In 1973, the production of conventional oil reached its peak and then began to slowly decline (Figs. 2.11–2.12). Thereafter, growth in oil production was achieved through the development of unconventional deposits. Most important were the oil sands in northern Alberta, which contained thick bitumen mixed with sand. Some of the oil sands deposits were close enough to the surface to be recovered through surface mining, and this is where initial production began, in 1967. In the 1990s, technology was developed that allowed the recovery of deeper oil sands deposits using steam heating and in situ extraction. As a result, the land area affected by oil sands development expanded from 4,800 km2 (surface mining only) to 142,000 km2 (Fig. 2.10). Today, the oil sands produce more oil than all other sources in Canada combined (Fig. 2.12).
Not all of Canada’s oil and gas deposits have been brought into production. Many deposits remain stranded because of a lack of infrastructure and challenging working conditions, especially in the Northwest Territories. In areas with established infrastructure, there has been a tendency for successive waves of development to occur, as evolving technologies allowed different types of deposits to be profitably extracted.
The development of oil and gas over the last century has left a significant cumulative footprint, especially in the western boreal forest. Over 400,000 wells were completed in Canada between 1955 and 2017 (CAPP 2017), disturbing approximately 1 ha of habitat in each case. Virtually all of these wells required the construction of an access road, and most were connected to a pipeline. In addition, hundreds of thousands of kilometres of seismic cut-lines remain in forested areas as a legacy of exploration activities. Oil and gas development and refinement also resulted in air, soil, and water pollution (see Chapter 5).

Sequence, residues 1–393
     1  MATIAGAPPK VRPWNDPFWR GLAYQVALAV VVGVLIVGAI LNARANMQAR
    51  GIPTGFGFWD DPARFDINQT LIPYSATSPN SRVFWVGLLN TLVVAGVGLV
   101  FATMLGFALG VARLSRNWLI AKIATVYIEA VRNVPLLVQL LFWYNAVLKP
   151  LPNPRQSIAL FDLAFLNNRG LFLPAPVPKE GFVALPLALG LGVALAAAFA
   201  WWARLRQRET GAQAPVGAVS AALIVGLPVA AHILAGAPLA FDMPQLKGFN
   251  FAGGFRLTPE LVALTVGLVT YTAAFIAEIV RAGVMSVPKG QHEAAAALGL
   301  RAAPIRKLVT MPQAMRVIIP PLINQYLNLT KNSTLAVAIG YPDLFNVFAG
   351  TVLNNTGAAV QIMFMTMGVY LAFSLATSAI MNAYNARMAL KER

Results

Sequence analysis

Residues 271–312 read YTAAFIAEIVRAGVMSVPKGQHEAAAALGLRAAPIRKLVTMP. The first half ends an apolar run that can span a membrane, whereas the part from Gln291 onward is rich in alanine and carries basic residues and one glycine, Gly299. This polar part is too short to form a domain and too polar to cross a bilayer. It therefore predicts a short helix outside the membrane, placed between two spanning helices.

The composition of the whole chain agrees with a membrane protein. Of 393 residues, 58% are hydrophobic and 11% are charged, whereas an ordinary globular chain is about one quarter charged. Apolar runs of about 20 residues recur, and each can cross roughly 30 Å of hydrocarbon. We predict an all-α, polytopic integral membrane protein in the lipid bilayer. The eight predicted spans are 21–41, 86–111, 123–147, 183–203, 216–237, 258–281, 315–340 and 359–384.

Before 1900, mining in Canada was limited to small-scale operations focusing mainly on coal, iron, and gold (Cranstone 2002). Mining slowly expanded in the early twentieth century, closely tied to the expansion of transportation infrastructure. Many mining towns in the Canadian Shield and BC interior got their start during this early period, including Kimberley, Flin Flon, Sudbury, and Val-d’Or.